Regular white people that I know did not initially have too much opinion about the incident until it became part of popular culture. Then the opinions expressed were mostly that you shouldn't screw around with people whose jobs allow them to carry guns and handcuffs.
I've had several incidents in my personal experience that returned to my consciousness as a result of this one.
Long, long ago I was already at work in the wee hours of the still dark morning. My then wife heard someone trying to break in and called me and the cops. When I got home I rushed into the house and right out the back door. I was confronted by two officers with guns drawn on both sides. They had no idea who I was and made me raise my hands and stop. Then I had to prove who I was and that I belonged there. And let me tell you I made no sudden movements and was extremely cautious about every little move I made.
Years after that I and my entire family was home sick with the flu. Somehow we set off the alarm which was monitored and the monitoring company called the police. We straightened things out with the monitor but it was too late to recall the gendarmes. So two officers arrived at my front door and I answered in my robe and best illness marked appearance. The police had no sympathy and demanded -- yes demanded -- my ID. I had to return upstairs to get it and they accompanied me inside but let me go upstairs alone. I rested much easier when they left I can tell you.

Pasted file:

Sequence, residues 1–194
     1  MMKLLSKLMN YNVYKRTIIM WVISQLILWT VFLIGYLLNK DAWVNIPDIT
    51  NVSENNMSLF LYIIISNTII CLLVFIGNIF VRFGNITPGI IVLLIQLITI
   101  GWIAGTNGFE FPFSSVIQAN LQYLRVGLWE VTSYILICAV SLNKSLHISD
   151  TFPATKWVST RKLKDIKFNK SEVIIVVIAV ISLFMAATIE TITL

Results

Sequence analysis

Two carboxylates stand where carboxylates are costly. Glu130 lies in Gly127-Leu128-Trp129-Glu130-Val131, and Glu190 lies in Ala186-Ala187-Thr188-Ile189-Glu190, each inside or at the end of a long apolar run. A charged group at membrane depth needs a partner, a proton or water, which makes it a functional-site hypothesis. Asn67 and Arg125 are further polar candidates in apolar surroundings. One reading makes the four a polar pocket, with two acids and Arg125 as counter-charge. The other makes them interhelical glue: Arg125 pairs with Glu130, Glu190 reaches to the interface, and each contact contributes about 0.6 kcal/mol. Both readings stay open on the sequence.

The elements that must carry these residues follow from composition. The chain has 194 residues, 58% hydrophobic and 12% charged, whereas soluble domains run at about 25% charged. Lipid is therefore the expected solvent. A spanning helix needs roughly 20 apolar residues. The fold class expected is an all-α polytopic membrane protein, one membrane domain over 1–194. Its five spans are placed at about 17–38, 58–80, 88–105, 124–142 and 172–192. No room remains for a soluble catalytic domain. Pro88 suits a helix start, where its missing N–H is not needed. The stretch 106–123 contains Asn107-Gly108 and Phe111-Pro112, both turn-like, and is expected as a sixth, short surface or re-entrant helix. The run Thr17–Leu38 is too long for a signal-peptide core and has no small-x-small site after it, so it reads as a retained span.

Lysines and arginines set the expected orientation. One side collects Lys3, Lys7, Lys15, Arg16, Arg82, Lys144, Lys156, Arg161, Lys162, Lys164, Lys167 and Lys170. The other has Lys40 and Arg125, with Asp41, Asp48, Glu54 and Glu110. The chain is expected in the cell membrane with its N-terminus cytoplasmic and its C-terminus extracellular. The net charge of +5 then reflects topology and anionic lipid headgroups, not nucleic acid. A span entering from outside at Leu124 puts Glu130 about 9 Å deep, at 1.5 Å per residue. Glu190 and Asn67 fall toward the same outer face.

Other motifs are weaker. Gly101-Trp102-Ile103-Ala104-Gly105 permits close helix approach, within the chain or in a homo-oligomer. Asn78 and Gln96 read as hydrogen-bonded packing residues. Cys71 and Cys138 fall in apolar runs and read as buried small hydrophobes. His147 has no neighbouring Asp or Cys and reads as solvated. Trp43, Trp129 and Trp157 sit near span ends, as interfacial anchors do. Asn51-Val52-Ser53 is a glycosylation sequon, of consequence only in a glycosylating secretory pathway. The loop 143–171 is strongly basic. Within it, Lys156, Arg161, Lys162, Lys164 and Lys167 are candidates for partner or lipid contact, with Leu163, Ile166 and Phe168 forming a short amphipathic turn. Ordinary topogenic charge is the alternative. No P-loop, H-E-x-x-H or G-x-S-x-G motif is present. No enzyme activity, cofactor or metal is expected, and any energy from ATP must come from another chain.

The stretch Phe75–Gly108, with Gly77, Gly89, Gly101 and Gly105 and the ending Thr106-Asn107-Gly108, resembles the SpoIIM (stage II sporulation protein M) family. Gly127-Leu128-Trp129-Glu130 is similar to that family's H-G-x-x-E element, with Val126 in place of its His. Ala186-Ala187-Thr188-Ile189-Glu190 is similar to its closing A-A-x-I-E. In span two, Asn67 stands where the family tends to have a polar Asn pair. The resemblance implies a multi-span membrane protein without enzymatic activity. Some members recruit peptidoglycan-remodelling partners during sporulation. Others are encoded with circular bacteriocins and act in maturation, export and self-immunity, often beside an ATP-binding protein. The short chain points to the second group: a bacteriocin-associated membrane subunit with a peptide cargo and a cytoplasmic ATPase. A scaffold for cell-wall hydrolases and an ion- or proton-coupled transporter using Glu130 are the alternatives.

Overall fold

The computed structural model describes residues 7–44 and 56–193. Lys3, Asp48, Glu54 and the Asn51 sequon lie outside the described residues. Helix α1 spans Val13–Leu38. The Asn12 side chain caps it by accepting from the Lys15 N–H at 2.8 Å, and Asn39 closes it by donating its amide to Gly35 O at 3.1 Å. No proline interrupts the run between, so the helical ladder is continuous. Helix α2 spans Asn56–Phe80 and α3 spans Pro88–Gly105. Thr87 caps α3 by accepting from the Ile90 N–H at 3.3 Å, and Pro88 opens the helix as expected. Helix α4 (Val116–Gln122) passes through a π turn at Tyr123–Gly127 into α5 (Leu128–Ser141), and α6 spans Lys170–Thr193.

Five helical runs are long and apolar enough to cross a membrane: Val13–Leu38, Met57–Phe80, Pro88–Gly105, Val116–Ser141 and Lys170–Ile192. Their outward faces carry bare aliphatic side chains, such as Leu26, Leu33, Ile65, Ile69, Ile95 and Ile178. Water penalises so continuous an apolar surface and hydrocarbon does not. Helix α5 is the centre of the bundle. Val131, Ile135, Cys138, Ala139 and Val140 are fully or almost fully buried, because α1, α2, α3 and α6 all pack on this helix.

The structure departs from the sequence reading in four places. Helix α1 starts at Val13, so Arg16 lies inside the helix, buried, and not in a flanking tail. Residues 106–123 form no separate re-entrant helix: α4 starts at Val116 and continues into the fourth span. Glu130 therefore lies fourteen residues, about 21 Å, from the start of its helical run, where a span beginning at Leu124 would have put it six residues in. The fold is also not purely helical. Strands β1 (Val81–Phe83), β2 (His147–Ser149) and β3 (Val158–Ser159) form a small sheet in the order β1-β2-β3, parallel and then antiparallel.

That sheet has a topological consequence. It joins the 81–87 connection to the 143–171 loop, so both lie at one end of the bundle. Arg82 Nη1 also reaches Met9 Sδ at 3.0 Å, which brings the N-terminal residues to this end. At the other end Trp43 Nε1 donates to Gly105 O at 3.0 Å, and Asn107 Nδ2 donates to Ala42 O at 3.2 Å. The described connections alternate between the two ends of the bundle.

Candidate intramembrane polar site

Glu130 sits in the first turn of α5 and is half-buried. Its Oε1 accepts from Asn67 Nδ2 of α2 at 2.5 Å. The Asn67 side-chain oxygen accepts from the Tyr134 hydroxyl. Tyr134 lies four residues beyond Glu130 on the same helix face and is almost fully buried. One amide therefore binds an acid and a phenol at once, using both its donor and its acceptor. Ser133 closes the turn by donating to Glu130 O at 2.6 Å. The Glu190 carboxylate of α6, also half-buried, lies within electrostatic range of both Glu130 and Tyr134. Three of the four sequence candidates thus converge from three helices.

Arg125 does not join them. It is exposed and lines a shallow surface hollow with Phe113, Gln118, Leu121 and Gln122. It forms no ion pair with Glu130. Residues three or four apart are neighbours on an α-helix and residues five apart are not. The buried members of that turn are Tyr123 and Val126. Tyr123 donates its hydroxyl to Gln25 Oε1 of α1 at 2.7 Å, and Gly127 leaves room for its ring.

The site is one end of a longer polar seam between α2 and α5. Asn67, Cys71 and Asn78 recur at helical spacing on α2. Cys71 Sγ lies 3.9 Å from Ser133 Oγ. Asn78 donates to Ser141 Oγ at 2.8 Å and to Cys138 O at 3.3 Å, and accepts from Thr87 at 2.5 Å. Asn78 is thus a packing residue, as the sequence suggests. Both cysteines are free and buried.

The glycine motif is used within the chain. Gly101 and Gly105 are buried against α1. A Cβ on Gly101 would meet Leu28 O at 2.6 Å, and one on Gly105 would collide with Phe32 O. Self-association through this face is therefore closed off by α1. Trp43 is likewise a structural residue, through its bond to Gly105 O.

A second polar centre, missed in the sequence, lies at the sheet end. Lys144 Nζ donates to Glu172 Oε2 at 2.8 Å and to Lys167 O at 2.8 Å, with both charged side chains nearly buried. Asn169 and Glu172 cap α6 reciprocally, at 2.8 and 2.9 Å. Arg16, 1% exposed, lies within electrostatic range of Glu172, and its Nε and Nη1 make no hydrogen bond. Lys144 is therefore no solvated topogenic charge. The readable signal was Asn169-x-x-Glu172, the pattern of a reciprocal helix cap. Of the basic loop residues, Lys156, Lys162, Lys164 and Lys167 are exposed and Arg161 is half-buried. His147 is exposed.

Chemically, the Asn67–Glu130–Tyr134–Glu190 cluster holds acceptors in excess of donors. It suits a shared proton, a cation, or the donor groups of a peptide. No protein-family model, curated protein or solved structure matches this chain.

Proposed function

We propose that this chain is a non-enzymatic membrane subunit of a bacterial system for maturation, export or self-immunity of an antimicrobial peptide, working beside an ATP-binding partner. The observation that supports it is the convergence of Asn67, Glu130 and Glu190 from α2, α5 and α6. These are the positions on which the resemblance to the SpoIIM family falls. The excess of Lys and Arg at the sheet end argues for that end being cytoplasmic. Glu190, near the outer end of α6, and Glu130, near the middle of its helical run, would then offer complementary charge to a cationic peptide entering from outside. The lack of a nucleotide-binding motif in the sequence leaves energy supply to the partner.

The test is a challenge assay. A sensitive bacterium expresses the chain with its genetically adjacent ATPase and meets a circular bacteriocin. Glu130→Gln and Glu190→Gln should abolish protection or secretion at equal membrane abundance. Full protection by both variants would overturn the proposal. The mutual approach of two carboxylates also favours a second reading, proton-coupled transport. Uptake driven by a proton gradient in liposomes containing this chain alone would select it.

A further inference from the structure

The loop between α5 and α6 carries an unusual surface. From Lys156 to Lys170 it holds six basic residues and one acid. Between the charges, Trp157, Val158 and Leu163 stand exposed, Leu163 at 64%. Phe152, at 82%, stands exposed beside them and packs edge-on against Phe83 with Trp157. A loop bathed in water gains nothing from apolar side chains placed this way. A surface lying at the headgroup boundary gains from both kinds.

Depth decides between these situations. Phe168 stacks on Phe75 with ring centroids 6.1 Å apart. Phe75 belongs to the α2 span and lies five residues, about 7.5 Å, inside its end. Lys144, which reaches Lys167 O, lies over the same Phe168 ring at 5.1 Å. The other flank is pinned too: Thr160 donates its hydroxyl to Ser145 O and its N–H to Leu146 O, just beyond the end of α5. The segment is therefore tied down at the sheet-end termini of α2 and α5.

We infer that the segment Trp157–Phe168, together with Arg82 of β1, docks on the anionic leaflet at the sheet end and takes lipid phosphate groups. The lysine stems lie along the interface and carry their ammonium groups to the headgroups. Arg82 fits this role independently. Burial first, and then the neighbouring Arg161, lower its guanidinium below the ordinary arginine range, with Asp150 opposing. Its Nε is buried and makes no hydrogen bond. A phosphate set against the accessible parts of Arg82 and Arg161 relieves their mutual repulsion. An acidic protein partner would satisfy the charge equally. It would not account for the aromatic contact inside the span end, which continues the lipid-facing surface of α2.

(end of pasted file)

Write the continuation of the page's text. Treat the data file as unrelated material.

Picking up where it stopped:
Several times I've had to go to an office to meet police because of alarms and actual burglaries. I can tell you that in every instance the police (both men and women, black and white and other) have been at very high alert. There was palatable tension. And their tension alone made me have a lot of tension, too. Usually I was already tense because of the alarm.
A couple of times I've rather stupidly entered a dark warehouse or office alone when an alarm was going off. It is scary.
Truthfully I am kind of cynical about this entire Henry Louis Gates incident.
Not the original incident. I think it was just exactly what it seemed.
But I am suspicious of Gates' subsequent behavior. I think he may have taken advantage of what he perceived to be an opportunity for some publicity. Gates is apparently one of the smartest people in the world. It is hard for me to believe he did not understand or anticipate the result of his action.
And, yes, I do not think the cop was as smart as Gates and I suspect he did fail to anticipate and think through the results of his action. So, yes, I am being a bit stereotypical myself.
And the President of the Unite States? I am absolutely cynical that he "made a rookie mistake." These things are like performances and highly choreographed. And the President is also very smart. It is just hard for me to believe he didn't understand what he was doing.
You have to admit that Gates received publicity that you simply couldn't have purchased at any price. And it cannot be bad for his career -- which appears to be a professional racial victim advocate. And Mr. Obama is his friend. And you know what they say about friends in high places.
Now I don't know any of these people and if I did I might dismiss all my conjecture. It is only conjecture.
But everyone else is conjecturing all over the place so I figured I might as well, too.